Report: US warns allies on leaks of intelligence cooperation

The United States is warning some of its foreign intelligence counterparts that former National Security Agency contractor Edward Snowden obtained documents detailing their cooperation with the U.S., The Washington Post reported.

They could compromise operations if revealed, officials said. 

Sources told the newspaper Snowden took tens of thousands of documents from a top-secret network run by the Defense Intelligence Agency, which is used by the intelligence arm of military services.

Snowden accessed the classified information through the Joint Worldwide Intelligence Communications System. Separate from the trove of NSA surveillance information, the new documents detail standard intelligence of other countries. 

The news comes as revelations of NSA surveillance on other countries has strained U.S. relationship with allies. President Obama held calls with both French and German leaders earlier this week after reports of NSA spying in the two countries. 

Some of the documents Snowden obtained detail collection programs against countries such as Iran, Russia and China. Others describe operations that involve countries that are not publicly allied with the U.S., according to the report.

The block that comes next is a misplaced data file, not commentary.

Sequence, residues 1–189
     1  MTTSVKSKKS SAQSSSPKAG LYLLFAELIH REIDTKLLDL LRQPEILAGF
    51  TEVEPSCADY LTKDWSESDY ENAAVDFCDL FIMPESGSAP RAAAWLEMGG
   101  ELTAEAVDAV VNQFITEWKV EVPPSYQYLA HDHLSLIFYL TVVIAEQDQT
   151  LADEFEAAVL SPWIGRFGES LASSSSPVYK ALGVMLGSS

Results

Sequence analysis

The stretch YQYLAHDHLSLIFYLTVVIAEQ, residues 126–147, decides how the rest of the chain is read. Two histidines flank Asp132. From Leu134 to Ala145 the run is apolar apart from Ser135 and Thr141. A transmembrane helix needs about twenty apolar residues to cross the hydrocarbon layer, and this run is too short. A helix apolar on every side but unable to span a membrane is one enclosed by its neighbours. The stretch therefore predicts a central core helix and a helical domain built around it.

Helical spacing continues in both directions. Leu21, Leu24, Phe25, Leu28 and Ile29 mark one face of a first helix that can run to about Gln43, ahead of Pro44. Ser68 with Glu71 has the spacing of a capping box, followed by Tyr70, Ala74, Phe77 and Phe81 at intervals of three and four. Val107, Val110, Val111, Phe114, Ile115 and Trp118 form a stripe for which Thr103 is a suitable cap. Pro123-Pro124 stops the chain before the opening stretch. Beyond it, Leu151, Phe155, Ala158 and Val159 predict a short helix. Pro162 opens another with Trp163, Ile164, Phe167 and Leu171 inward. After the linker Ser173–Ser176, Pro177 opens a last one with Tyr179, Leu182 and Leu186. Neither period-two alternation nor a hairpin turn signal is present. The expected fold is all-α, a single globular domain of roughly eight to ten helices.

Officials say the Office of the Director of National Intelligence has been charged with alerting other intelligence agencies. The Post said the process of alerting U.S. counterparts can be difficult, because all parts of those governments may not be aware of the operations. 

The Associated Press reported that two Western diplomats confirmed the U.S. had briefed the countries on intelligence operations that might be exposed. 

The Post noted it is unclear if Snowden has shared the particular documents with journalists.